Leggette said there are two Democratic parties in St. Louis - one that benefits whites and another that ignores blacks. "At one time, Democrats were a solution for us. I don't know when that changed or why that changed, but it has," Leggette told me.That sounds like two sides of the same coin, but the semantics aren't important. Democrats have been consistently worse for the black community than the GOP has been, and not just in the Republican talking points regarding ancient history: Lincoln being a Republican and George Wallace a Democrat, etc. Welfare reform corresponded with a drastic drop in the poverty rate of black children (from 41% in 1996 to 30% in 2001). Stiffer treatment for criminality led to a 50% increase in the proportion of blacks incarcerated from the late eighties to late nineties. Not surprisingly, this has corresponded to a decrease in the number of black crime victims, as the rate of black-on-black crime is far higher than for any other perpetrator-victim racial classification. When Patrick Moynihan issued his famous report on the degeneration of the black family, the African American illegitimacy rate stood at 22%. The cultural revolution's self-indulgent, atomistic mentality that most devastates those with the least intelligence and little long-term orientation, helped propel that rate to the near-70% mark where it sits tragically today.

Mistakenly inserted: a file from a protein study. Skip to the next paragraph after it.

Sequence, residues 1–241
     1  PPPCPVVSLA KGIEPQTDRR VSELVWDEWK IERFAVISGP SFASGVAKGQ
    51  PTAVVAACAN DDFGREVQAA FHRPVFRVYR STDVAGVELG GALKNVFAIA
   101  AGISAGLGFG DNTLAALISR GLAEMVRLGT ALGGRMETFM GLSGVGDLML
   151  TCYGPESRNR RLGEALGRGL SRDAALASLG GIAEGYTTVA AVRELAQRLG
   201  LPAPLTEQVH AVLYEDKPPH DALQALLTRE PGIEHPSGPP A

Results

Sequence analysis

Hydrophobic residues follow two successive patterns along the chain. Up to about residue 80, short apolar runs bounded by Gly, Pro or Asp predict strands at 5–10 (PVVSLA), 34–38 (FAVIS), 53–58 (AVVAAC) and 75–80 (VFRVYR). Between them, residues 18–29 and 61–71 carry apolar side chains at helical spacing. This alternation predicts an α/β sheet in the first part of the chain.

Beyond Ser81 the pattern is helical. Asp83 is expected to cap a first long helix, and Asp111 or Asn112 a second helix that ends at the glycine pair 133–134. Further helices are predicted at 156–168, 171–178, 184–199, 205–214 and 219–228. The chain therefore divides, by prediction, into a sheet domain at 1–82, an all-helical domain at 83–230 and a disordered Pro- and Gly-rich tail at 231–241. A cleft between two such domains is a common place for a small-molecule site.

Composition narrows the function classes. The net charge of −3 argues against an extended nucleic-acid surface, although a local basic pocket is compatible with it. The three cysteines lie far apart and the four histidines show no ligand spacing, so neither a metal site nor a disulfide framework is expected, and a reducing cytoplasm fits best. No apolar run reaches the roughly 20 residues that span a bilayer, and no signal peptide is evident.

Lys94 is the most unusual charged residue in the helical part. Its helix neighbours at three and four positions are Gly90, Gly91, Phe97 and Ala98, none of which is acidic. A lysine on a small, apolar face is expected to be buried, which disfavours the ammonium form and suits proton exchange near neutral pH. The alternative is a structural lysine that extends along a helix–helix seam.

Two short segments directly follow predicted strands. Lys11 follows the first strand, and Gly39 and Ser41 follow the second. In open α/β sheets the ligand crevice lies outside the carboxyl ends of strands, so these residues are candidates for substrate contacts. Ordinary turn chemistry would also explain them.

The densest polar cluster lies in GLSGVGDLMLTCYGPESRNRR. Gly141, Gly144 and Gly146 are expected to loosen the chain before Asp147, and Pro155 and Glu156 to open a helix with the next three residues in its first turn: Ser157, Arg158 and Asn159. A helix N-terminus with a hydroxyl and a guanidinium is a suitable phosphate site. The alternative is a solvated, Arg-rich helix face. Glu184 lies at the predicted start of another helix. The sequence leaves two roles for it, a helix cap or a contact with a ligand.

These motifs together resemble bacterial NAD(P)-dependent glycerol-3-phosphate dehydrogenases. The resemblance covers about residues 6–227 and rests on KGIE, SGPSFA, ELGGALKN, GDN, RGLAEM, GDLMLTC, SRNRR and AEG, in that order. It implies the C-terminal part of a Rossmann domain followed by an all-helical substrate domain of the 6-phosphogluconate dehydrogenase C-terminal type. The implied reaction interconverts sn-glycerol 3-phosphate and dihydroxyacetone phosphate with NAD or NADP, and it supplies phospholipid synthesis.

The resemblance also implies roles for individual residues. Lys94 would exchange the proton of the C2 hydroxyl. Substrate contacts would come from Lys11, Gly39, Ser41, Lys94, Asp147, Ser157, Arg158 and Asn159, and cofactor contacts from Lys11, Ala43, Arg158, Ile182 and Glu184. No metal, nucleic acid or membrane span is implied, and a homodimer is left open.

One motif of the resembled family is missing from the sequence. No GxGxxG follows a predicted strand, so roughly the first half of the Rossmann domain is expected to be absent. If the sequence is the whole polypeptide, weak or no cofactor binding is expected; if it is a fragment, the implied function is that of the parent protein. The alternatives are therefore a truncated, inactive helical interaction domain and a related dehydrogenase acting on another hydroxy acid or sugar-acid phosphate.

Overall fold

Leggette points out the obvious:
Her comments underscore a familiar complaint from blacks who claim the Democratic Party takes them for granted.As blacks are the most lopsided political demographic in the country, voting eight-to-one in favor of the Democrats, it's no wonder. Why spend resources to better a group (granting that this could conceivably be done) that already unanimously adores you? The political cost-benefit is too unfavorable. The exclusivity of the urban black community virtually guarantees that a vote against the Party is perceptually tantamount to a vote against the community, anyway. And urban blacks aren't the best candidates for alacritous independent thought that bucks the trends of their communities.